I don't know what the secret dollar amount is for the minimum wage- because as a business owner, I don't need someone to tell me.  I'm not about paying the minimum.  I'm about paying what is fair and what is right.

Without my staff, I could not take a vacation. I could not be profitable.  I could not provide the level of service that I do for my clients.

I would never see them as overhead or costs.

It might be why I don't earn a million dollars, but if (and when) I do, they will be rewarded for the very signficant part they play in my success.

They are not overhead.  They are people with mortgages and tuition.  Insurance expenses and car payments.

They are not ID numbers.

They are my work family.

They are the single most valuable investment and component in my business.

Answering a phone is not complicated, but Julie makes it an experience for my clients.  Filing papers in not complicated, but Mike has never made a mistake.  Value over skill.  Their jobs have details and nuances that I don't even know about.  They make my life easier, they are integral in helping my business run and they take pride in their work.  They handle multiple task assignments, deal with all kinds of people- they are not just "staff."

I hear financial pundits saying that "unemployment needs to improve" all the while at their firms they are looking to shave overhead costs, i.e. people.

People aren't overhead just as corporations are not people.

So maybe if corporate America started behaving ethically, we wouldn't need legislation to guide them.  At the beginning of the 20th century the wealth was concentrated and the icons made their fortunes on the backs of poorly paid immigrants.

Does this sound familiar?

And you know what followed?  Labor uprisings. An economic depression.

Because as Detroit found out this century, when you lay everyone off, there's no one left to buy your cars.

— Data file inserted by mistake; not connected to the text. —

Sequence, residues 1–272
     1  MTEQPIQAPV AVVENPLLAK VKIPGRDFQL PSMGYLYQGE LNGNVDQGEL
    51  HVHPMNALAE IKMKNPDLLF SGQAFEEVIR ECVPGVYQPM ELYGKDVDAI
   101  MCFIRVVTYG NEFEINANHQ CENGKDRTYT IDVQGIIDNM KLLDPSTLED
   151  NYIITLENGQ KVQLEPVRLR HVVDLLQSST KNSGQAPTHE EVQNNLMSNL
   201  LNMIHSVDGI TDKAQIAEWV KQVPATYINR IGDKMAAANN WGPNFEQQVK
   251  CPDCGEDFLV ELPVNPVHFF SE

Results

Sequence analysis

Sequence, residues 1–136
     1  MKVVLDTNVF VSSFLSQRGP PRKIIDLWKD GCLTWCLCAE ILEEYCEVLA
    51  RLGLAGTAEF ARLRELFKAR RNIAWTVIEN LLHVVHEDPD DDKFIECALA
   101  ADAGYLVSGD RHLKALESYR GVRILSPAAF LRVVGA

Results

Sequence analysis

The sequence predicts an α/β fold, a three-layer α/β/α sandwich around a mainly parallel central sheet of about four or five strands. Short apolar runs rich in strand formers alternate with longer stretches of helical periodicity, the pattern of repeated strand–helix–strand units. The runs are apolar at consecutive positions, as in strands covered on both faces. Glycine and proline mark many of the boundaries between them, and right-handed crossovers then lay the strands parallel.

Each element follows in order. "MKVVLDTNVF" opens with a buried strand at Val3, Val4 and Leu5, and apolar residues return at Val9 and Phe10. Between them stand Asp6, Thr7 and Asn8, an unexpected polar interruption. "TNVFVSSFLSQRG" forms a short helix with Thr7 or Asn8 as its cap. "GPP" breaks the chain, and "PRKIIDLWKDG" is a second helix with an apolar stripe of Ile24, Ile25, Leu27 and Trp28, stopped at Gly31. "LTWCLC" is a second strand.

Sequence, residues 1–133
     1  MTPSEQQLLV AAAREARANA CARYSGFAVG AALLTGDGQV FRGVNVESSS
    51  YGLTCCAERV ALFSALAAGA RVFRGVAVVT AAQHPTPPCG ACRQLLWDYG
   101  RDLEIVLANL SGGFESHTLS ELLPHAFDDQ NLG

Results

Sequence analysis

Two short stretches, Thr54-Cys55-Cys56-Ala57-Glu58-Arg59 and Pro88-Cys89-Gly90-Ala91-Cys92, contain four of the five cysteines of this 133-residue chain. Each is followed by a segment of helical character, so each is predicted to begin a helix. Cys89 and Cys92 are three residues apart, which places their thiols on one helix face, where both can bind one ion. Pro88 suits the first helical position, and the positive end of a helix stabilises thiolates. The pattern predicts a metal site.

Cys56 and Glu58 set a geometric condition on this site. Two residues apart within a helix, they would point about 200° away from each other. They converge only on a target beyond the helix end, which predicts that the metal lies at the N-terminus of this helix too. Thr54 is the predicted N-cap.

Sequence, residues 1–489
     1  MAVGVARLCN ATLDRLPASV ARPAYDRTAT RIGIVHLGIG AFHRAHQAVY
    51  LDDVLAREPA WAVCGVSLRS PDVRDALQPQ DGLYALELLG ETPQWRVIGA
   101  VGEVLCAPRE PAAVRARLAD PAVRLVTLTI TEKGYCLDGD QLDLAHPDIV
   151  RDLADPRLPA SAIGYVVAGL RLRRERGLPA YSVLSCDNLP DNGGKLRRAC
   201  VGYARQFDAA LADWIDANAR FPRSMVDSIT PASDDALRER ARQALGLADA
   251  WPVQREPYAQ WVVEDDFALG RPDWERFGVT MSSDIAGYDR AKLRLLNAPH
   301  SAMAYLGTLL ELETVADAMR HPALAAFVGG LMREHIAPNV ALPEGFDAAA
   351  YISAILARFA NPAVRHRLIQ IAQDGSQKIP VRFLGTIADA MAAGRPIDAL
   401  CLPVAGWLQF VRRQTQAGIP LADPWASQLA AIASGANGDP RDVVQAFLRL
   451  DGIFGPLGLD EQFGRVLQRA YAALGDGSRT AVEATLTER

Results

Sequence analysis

Business ethics are essential to a thriving economy.  They should not have to be legislated.  In the periods of the biggest economic growth in the US, wages were livable and fair.

I would hope that every CEO who is insisting on cutting FTEs remembers that those numbers on a spreadsheet are people.  That a $20 million salary equals 450 jobs- which are 450 houses being built, 450 people who can invest in their 401k plans, 450 cars being bought.  Which is the better investment?

I don't begrudge people who are well-paid- I do pretty okay.  I've worked hard for it.  In fact, I started my business with $8.73 in my checking account.

And I've been successful due to many people's hard work, not just mine.

I took the risk as a business owner; I should be rewarded.  But corporate jobs?  Those high salaries?  Really?  Are people THAT amazing and unique?

If the receptionist is replaceable, I tend to think the CFO probably is as well.  I've never seen a firm collapse when someone's left- I've seen individuals cause damage, but everyone is replaceable.

My solution?

Public shaming, maybe?  I love that show "Undercover Boss"- maybe every CEO should participate.  And every EVP.  And every CFO.  And every WGAF (who gives a f***).

And maybe the next time they start cutting work hours, benefits, and retirement plans to the people who work just as hard every day, they can start with their own pay first and work down.

You know, trickle down theory.

1 CEO= 450 jobs.

You do the math.

As for me, I will continue to pay my staff well for work well done.  I will be mocked by colleagues for "giving it away" and I will not care.

I will fight for small business's rights over the protections of large corporations.

And I will continue to argue that Human Resources is fundamental to every business.  Not because it's the most profitable, but because it's the right thing to do.